Suppose your organization has outstanding restricted donations designated and allowed only for a specific use. In that case, you will need to work with an accountant to identify the funds and create a disposal plan.

Plan for response time during this portion, as many people may ask questions or express concerns.

3. Distribute Assets

After all the essential people in your organization are notified of the pending closure, it’s time to handle your assets. First, you will need to take inventory of all your nonprofit’s assets. Assets can include:

  • Money
  • Furniture
  • Property
  • Mailing lists
  • Programs
  • Web domains
  • Electronic devices

After the inventory is taken, you need to distribute your assets. Most commonly, nonprofit assets are distributed to staff members, the board of directors, or other organizational participants. 

Many states also require an organization’s assets to get distributed to other governmental or charitable entities. These laws ensure that any assets obtained for charitable purposes continue to be used for similar reasons. 

Many nonprofits choose to preserve their legacy by distributing existing community programs to other organizations. This practice may also help keep some staff members employed.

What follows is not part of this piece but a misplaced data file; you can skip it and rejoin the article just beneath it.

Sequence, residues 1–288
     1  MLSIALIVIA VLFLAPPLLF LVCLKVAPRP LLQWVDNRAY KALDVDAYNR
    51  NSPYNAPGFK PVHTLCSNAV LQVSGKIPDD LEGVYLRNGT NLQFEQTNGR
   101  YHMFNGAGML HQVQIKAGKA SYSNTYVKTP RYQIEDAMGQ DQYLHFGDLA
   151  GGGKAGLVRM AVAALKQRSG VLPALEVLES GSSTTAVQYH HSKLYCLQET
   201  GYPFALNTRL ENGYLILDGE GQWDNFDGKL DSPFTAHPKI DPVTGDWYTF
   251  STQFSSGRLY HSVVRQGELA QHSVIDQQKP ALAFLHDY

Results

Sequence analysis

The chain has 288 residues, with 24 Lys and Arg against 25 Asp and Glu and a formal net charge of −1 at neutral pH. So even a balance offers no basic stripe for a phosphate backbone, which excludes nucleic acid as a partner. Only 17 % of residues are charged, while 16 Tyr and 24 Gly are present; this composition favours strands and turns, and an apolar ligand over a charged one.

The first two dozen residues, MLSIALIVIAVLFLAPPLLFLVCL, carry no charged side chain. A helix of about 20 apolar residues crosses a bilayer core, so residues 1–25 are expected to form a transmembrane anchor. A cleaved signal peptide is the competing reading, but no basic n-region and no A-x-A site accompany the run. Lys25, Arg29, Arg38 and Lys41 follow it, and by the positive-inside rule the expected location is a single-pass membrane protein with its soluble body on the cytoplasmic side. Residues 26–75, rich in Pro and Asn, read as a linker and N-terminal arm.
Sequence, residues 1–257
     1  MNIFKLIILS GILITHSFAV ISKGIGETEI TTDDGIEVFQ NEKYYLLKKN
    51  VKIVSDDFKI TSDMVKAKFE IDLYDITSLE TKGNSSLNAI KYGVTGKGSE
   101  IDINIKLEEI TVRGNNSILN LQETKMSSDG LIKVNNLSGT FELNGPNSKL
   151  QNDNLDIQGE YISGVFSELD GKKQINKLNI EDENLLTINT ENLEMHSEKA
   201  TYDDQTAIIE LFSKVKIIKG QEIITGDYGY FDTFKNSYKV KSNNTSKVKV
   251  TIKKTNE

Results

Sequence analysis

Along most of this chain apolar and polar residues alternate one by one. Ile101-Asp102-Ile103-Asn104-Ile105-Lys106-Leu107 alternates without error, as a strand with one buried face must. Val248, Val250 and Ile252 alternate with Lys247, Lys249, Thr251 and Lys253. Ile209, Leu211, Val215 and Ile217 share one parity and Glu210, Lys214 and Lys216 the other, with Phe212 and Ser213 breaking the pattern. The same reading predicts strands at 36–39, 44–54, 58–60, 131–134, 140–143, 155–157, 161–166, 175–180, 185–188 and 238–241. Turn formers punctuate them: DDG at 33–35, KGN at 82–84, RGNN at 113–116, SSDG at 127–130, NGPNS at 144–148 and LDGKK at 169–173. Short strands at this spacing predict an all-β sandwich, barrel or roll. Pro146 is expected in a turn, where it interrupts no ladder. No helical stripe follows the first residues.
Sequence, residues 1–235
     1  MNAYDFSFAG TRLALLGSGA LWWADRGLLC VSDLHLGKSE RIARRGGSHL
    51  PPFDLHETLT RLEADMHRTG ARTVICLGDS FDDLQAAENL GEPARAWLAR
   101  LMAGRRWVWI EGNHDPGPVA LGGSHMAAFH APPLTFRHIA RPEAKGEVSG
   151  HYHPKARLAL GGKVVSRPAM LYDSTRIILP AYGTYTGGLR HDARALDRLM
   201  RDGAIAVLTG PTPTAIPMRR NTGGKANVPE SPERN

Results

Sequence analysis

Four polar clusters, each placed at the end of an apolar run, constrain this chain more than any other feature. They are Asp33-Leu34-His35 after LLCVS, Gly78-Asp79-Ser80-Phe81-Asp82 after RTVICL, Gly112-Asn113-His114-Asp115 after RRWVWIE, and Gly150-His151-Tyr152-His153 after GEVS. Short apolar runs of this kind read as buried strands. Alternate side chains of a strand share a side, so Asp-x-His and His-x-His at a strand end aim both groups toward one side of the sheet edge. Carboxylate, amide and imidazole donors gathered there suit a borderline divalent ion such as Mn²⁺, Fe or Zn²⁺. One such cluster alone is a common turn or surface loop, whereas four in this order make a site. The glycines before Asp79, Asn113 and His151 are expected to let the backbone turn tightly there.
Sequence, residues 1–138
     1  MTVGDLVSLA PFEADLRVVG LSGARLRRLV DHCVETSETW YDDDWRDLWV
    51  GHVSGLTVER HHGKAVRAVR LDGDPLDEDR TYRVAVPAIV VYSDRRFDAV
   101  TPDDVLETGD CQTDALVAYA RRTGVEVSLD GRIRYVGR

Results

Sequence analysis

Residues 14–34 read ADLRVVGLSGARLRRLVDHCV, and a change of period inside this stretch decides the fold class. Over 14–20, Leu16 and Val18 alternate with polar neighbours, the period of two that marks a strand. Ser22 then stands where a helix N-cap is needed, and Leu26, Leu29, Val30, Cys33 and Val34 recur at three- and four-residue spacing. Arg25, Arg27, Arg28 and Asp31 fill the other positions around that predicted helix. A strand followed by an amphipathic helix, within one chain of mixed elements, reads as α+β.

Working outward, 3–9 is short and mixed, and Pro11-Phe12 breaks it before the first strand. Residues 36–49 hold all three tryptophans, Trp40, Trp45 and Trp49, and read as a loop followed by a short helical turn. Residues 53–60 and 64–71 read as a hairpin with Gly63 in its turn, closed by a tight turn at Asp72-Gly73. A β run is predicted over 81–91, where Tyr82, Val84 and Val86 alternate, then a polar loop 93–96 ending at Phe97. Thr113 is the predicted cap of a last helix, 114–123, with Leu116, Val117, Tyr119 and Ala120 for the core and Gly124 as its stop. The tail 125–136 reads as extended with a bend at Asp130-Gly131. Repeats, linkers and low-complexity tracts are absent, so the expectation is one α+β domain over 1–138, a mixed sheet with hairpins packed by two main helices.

4. File Legal Paperwork

As you make more strides towards moving out and closing the doors of your nonprofit, it is vital to file all necessary legal paperwork. The first step usually involves filing articles of dissolution with the office of your state’s attorney general or secretary of state. Then, the office issues a public notice.

Just like how you needed to register with the IRS to create your nonprofit, you will need to file with the IRS to close it down. Within four months and 15 days of closure, you must file a Form 990 tax return with the IRS. 

Check the “termination” box on the first page of Form 990, and answer “yes” to the question on line 36 about whether your organization “liquidated, terminated, dissolved, or substantially contracted.” 

Legal documents can get confusing and overwhelming for many people, especially when you’re already overwhelmed with the emotions that come with closing a nonprofit. An empathetic attorney can help you navigate the legal aspects of nonprofit dissolution. 

5. Recognize Accomplishments

When your nonprofit officially closes its doors and halts operations, don’t forget to celebrate your successes. Opening a nonprofit is challenging, but the work is rewarding. Take time to thank all of your staff members, donors, and stakeholders for their gifts, talents, and support. 

Reflect on all the people and efforts your organization positively impacted. Just because it came time to close your doors does not mean your nonprofit failed its mission. 

Ask For Help When You Need It

Not only is closing down a nonprofit emotional, but it’s also complicated and time-consuming. You don’t need to deal with the pressure all by yourself. If it’s time for your nonprofit to close its doors for good, reach out to MSB Employment Justice today. Our caring and empathetic attorneys have many years of experience working with nonprofit and charitable organizations. 

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Bree Johnson

After more than a decade in the legal industry and BigLaw firms, attorney and activist Bree Johnson saw an opportunity to do more for employees who are mistreated in the workplace with a career move to representing employees and plaintiffs. See Full Bio